French Ring – Overview


French Ring Sport is a personal protection sport. It was developed in France as a way to accurately test potential breeding stock for working ability. French Ring is overseen in the Unites States by NARA (North American Ring Association), which reports to the SCC in France.  In Canada Ring is overseen by the CRA.

When competing in Ring, the dog has no collar or leash on at any time except during the heel on leash. No food rewards or physical corrections are allowed at any time while competing. Also, excessive praise/petting will result in a loss of general outlook points. Points for an exercise will be lost for multiple commands, incorrect commands, or failure of the dog or handler to perform the exercise correctly. Control is emphasized from the moment the dog/handler team walks onto the field, until they leave at the end.
Ring Sport consists of a number of exercises. At the FRI level the choice of jump is the handlers choice (HC). A dog that has been trained for Ring III level of competition will be able to do the following:

Heel on leash X X X X in a pattern determined by the judge with multiple stops and starts, left and right turns
Heel with muzzle X X X X heeling off leash while the dog wears a muzzle in a pattern determined by the judge with multiple stops and starts, left and right turns
Long Sit/Down X X X X done with the handler out of sight, the dog stays in a pre-drawn position 1 min.
Food Refusal X X X X dog is thrown 4 pieces of food (usually meat or cheese) while on a down stay with the handler out of sight. Dog must not eat the food, and if it is “accidentally” thrown into dogs mouth, he must immediately spit it out. The field is also baited with 6 pieces of food, in strategic locations (i.e. by blinds, jumps, area dog runs over during send away, etc.)
High Jump HC X X dog jumps a hurdle on command, then does a return jump on command and comes to a heel position by the handler, minimum hurdle height 0.9m for 8 pts (1m = 39.37in)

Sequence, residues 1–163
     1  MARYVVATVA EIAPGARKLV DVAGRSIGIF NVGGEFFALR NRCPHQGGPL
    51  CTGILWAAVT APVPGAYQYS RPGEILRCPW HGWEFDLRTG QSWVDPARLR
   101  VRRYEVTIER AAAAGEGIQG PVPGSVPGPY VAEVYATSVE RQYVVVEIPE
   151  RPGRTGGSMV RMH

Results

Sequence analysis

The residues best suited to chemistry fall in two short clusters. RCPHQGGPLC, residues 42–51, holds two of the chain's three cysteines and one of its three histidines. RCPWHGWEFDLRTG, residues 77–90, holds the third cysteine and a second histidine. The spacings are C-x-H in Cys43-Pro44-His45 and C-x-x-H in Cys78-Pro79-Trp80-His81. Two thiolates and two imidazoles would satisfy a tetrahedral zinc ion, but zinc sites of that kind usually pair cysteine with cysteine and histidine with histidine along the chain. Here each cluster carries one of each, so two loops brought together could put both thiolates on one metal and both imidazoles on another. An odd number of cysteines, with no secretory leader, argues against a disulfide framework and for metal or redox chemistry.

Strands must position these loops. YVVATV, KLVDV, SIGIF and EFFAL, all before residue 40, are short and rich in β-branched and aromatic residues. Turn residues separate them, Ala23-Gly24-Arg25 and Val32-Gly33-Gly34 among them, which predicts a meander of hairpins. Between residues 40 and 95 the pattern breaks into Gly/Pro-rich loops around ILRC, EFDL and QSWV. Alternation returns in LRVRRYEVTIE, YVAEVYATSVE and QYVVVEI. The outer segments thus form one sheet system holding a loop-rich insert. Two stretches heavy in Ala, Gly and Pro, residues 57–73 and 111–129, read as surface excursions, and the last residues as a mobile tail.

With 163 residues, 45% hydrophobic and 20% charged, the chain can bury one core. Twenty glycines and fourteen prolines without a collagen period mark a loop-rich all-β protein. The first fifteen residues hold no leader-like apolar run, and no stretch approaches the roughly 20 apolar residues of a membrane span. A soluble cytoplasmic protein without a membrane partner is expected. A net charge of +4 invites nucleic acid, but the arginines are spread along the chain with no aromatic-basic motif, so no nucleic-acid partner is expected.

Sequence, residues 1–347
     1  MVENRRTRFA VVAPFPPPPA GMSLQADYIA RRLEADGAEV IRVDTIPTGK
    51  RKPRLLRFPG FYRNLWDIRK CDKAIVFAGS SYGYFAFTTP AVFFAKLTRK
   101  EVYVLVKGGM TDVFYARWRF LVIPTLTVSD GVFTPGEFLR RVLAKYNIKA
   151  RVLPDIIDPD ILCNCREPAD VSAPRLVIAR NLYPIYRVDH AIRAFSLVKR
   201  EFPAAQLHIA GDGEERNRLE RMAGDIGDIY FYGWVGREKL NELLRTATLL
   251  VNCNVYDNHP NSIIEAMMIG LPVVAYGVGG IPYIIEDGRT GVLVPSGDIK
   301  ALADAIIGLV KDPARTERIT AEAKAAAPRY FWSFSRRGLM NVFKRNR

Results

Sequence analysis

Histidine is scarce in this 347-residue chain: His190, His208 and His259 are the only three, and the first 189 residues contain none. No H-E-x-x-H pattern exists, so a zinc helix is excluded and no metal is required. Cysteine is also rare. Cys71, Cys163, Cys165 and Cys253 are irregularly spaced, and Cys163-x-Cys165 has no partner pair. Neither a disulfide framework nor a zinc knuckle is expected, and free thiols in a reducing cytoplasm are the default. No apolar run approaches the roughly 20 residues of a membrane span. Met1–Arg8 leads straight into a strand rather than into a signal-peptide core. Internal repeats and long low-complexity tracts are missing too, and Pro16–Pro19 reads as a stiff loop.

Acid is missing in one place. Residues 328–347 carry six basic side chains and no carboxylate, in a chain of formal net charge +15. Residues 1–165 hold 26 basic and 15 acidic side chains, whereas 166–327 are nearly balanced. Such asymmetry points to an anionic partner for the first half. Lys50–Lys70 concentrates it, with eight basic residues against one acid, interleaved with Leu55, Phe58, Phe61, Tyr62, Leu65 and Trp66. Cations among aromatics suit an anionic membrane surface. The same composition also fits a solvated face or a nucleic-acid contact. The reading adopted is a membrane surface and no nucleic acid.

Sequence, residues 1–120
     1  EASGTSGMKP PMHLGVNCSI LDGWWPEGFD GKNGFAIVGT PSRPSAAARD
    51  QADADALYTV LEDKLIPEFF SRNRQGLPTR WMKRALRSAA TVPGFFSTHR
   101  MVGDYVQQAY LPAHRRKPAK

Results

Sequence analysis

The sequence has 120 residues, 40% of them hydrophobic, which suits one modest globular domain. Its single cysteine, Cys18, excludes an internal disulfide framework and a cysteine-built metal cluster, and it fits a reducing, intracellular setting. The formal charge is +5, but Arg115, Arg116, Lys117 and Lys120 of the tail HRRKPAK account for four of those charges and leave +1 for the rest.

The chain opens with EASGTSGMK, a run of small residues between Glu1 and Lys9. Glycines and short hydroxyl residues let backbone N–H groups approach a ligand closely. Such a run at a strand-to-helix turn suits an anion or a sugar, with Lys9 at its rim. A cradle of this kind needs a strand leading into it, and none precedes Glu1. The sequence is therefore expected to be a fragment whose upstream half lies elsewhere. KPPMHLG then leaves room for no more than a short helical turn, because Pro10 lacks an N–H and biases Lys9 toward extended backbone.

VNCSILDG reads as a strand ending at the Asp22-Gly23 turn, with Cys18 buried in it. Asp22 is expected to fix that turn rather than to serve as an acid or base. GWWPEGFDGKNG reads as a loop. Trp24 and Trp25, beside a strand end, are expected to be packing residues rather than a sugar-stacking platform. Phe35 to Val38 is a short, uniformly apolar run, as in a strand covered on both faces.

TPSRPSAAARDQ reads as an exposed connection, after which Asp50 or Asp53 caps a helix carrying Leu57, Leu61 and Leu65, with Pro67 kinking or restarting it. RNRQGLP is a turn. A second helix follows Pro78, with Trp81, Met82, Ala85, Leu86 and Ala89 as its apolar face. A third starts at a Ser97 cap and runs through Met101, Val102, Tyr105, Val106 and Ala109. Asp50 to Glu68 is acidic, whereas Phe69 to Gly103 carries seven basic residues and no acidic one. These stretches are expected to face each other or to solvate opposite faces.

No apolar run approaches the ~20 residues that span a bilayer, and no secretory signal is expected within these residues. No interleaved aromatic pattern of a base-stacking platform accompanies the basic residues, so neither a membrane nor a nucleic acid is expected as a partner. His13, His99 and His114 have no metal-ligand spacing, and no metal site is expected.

Palisade HC X X dog jumps and climbs over a wooden wall, minimum height 1.7m, then does a return jump and returns to handler
Long Jump HC X X dog jumps a pvc/metal “key” long jump on the ground, minimum length 3m
Positions X X X the dog is told to sit, stand and down in a pre-drawn order. the handler is 18m away. points are lost for creeping forward during the positions, or failure to perform a position
Thrown Retrieves X X X the handler throws the item at least 5m, on command the dog retrieves the item and presents it to the handler. the retrieve object can be any object such as a glove, wallet, rolled up sock, glasses case, etc.
Unseen Retrieve X handler and dog are heeling, handler drops the object on the opposite side from the dog, a similar object is placed next to the retrieve object, at a signal dog and handler turn around, and dog is sent to retrieve the object. points lost for mouthing object, 0 points if dog retrieves wrong object
Seen Retrieve X X the handler drops the object on the same side as the dog and the dog immediately picks it up, runs completely in front of the handler who then stops walking, then dog returns the object to the handler
Send Away X the dog is told to run in a straight line away from the handler until called, then it returns to the handler
Face Attack X X X X the dog is told to attack a decoy who is facing him about 40m away behaving in a menacing fashion, with out/recall
Fleeing Attack X X X the dog is told to attack a decoy who is running away, with out/recall after the bite/fight
Defense of Handler X X X X handler, dog and decoy approach each other and have a short conversation, then continue walking. the decoy turns around and comes up behind the handler, and as soon as the decoy “attacks” (obvious “hit” on handler) the handler, the dog bites the decoy. After the dog is told to out, he guards the decoy until recalled. the dog must stay with the handler until the attack, most dogs are taught to heel facing backwards for this exercise
Attack with Gun X X X the dog attacks a decoy who is firing a gun, twice during the attack, and once after the bite. After the bite/fight, the decoy freezes, the dog lets go and guards the decoy. The decoy tries to escape twice, the dog bites each time, then the handler disarms the decoy and heels the dog away.